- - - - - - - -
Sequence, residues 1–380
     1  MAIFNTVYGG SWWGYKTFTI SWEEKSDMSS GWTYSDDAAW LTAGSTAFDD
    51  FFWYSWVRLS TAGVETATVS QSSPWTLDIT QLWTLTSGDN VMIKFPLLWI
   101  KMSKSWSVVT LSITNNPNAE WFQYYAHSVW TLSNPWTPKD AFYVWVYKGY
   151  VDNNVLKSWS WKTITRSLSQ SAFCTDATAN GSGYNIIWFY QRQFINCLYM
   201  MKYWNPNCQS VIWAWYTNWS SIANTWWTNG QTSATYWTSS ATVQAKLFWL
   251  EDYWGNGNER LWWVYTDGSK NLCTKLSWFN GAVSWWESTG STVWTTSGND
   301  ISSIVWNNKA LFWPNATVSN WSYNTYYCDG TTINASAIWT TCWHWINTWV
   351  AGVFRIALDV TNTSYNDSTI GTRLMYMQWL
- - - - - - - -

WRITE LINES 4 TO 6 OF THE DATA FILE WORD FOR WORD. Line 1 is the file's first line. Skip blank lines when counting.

   101  KMSKSWSVVT LSITNNPNAE WFQYYAHSVW TLSNPWTPKD AFYVWVYKGY
   151  VDNNVLKSWS WKTITRSLSQ SAFCTDATAN GSGYNIIWFY QRQFINCLYM
   201  MKYWNPNCQS VIWAWYTNWS SIANTWWTNG QTSATYWTSS ATVQAKLFWL